23 April, 2014 AsiaNews.it Twitter AsiaNews.it Facebook            

Help AsiaNews | About us | P.I.M.E. | | RssNewsletter





mediazioni e arbitrati, risoluzione alternativa delle controversie e servizi di mediazione e arbitrato
e-mail this to a friend printable version


» 11/13/2007 17:10
MALAYSIA
Tensions in Malaysia as elections approach
Elections are scheduled for April 2008 but the atmosphere is tense. The outgoing Badawi administration is facing challenges and widespread dissatisfaction. The largest mass rally held in the last ten years was held on Saturday; protesters demanded electoral reform and the king’s commitment to protect the constitution.

Kuala Lumpur (AsiaNews) – The Malaysian government is facing one of its most critical moments of the last ten years as it prepares for the 2008 general elections.  Civil society groups, ethnic minorities and the opposition in parliament are united in their demands for electoral reform and greater royal intervention to guarantee justice against the authoritarianism of current Prime Minister Abdullah Badawi.

The reality of the widespread dissatisfaction was brought home on Saturday when, according to organisers, 40,000 protesters took to the streets of Kuala Lumpur. The authorities ended up banning the mass gathering, and police used tear gas and water canons to disperse the crowd. Some 245 people were arrested but were eventually released after posting bail. The police intervention was however criticised in many quarters, including the Catholic community.

Anwar Ibrahim, a former Prime Minister and People’s Justice Party founder and now opposition leader, led the marchers. When he was sacked in 1998 popular protests followed.

The march was sponsored by the Coalition for Free and Fair Elections (Bersih or transparency in Bahasa Malaysia), an alliance of five political parties and 29 social groups.

The demonstrators handed a petition to Malaysia’s king asking for reforms to bring greater transparency to next general elections.

The petition urged the monarch to refuse under the powers vested in him by the Federal Constitution to agree to the dissolution of parliament until the completion of a comprehensive scrutiny of the electoral rolls.

It also asked that the Election Commission be directed to abolish postal voting except for diplomats and Malaysian citizens residing abroad, to ensure equal access to the media to all parties contesting the general elections, and to strike the names of phantom voters from electoral rolls.

Saturday’s rally is but the latest challenge to the Badawi government, which has come under fire for failing in its fight against corruption and for encouraging discriminatory policies vis-à-vis the country’s Chinese and Indian minorities in favour of the Malay majority.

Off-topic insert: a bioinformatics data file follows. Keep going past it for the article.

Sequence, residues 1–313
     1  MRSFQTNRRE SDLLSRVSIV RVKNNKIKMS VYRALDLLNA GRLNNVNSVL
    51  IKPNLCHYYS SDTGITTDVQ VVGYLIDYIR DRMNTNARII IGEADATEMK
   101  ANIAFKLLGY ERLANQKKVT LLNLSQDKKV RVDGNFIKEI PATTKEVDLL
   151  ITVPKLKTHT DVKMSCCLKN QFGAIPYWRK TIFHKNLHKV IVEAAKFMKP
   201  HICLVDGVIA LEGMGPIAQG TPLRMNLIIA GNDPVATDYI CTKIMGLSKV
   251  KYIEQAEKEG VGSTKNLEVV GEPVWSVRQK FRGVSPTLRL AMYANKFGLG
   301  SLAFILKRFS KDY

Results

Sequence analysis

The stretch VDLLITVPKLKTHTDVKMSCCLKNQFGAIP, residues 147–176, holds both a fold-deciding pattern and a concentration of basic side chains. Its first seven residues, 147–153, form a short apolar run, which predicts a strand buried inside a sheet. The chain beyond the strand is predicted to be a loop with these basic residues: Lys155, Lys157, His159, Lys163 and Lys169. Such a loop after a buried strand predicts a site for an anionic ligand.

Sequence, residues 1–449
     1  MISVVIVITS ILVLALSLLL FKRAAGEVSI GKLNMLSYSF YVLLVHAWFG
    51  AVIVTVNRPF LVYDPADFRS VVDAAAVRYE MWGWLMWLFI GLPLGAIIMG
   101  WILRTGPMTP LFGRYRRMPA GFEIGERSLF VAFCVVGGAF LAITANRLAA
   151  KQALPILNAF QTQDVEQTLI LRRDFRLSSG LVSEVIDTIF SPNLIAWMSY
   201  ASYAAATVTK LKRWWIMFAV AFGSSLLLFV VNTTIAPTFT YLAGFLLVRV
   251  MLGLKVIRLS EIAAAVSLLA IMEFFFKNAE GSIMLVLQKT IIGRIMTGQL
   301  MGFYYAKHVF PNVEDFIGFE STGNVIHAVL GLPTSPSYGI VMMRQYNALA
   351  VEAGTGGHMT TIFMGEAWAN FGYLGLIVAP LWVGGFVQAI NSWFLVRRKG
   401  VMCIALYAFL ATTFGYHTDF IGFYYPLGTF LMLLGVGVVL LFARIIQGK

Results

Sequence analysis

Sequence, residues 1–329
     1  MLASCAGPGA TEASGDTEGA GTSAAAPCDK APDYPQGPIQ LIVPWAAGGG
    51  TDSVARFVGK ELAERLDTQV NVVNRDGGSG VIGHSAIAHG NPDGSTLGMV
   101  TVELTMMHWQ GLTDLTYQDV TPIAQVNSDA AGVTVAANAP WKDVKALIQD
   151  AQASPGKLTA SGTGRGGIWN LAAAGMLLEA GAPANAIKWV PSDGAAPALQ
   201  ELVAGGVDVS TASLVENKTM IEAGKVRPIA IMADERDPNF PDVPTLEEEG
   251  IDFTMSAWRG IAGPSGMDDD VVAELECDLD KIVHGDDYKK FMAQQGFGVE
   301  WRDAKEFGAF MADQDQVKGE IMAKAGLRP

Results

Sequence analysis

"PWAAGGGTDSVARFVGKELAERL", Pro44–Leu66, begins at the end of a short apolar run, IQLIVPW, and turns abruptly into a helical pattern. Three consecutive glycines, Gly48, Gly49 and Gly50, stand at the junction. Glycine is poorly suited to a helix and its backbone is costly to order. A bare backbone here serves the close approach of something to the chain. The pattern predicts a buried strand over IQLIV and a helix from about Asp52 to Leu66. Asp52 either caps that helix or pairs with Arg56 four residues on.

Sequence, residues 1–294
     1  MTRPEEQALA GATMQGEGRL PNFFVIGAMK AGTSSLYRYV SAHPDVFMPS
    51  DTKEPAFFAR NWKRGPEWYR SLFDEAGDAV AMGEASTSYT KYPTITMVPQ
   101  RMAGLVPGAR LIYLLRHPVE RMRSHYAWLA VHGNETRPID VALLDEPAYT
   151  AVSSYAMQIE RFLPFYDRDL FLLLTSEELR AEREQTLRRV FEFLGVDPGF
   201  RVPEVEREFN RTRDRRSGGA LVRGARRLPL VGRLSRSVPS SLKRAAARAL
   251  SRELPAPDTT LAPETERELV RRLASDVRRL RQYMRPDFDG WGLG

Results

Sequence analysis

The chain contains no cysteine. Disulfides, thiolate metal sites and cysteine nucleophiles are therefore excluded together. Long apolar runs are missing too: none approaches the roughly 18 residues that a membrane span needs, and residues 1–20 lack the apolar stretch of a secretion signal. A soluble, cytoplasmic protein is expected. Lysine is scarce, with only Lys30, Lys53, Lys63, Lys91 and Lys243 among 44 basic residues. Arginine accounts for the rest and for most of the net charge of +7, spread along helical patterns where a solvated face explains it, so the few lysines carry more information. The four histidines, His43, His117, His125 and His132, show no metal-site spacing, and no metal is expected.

Analysts are convinced that the prime minister’s party, the United Malays National Organisation (UMNO), is not likely to take 90 per cent of the seats in parliament as it did in 2004.

According to Fr Lawrence Andrew, from the Catholic weekly Herald, the Bersih march shows the political and social cracks in the country’s model, highlighting how some people get preferential treatment because they are on the right side of the political divide compared to those who just stand for rights in general.

For him these initiatives are fundamental in safeguarding the supremacy of the country’s constitution, which is threatened by personal interests and Islamic law.


e-mail this to a friend printable version

See also
07/16/2008 MALAYSIA
Opposition leader Anwar Ibrahim again under arrest
09/02/2004 MALAYSIA
Anwar Ibrahim set free
12/17/2010 MALAYSIA
Kuala Lumpur: Government suspends opposition leader Anwar Ibrahim
by Jeremy Lim
07/17/2008 MALAYSIA
Anwar Ibrahim released, but sodomy charges stand
06/30/2008 MALAYSIA
Anwar Ibrahim, accused of sodomy, fears for his life and political career

Editor's choices
ITALY - ASIA
Easter, victory over death and impotence
by Bernardo Cervellera
SYRIA
I will miss you Fr Frans, you inspired us all, says Syrian Jesuit
by Tony Homsy*A young priest from the Society of Jesus remembers the life and work of Fr Frans van der Lugt, who was killed in Homs after he refused to abandon residents beleaguered by hunger and war. "He gave and continues to give everything for the Church, Syria, and peace. His story and qualities made him an exceptional missionary and witness to the Gospel." Reprinted courtesy of 'The Jesuit Post'.
FRANCE - IRAQ
Chaldean Patriarch on the uncertain future of eastern Christians, a bridge between the West and Islam
by Mar Louis Raphael I SakoThe wars in Iraq, Libya and Afghanistan have made things worse for their peoples, especially minorities. As Western policies have been a failure, fundamentalism has grown with the Arab Spring losing out to extremism. Muslim authorities have a role in protecting rights and religious freedom. The presence of Christians in the Middle East is crucial for Muslims.

Dossier
by Giulio Aleni / (a cura di) Gianni Criveller
pp. 176
by Lazzarotto Angelo S.
pp. 528
by Bernardo Cervellera
pp. 240
Copyright © 2003 AsiaNews C.F. 00889190153 All rights reserved. Content on this site is made available for personal, non-commercial use only. You may not reproduce, republish, sell or otherwise distribute the content or any modified or altered versions of it without the express written permission of the editor. Photos on AsiaNews.it are largely taken from the internet and thus considered to be in the public domain. Anyone contrary to their publication need only contact the editorial office which will immediately proceed to remove the photos.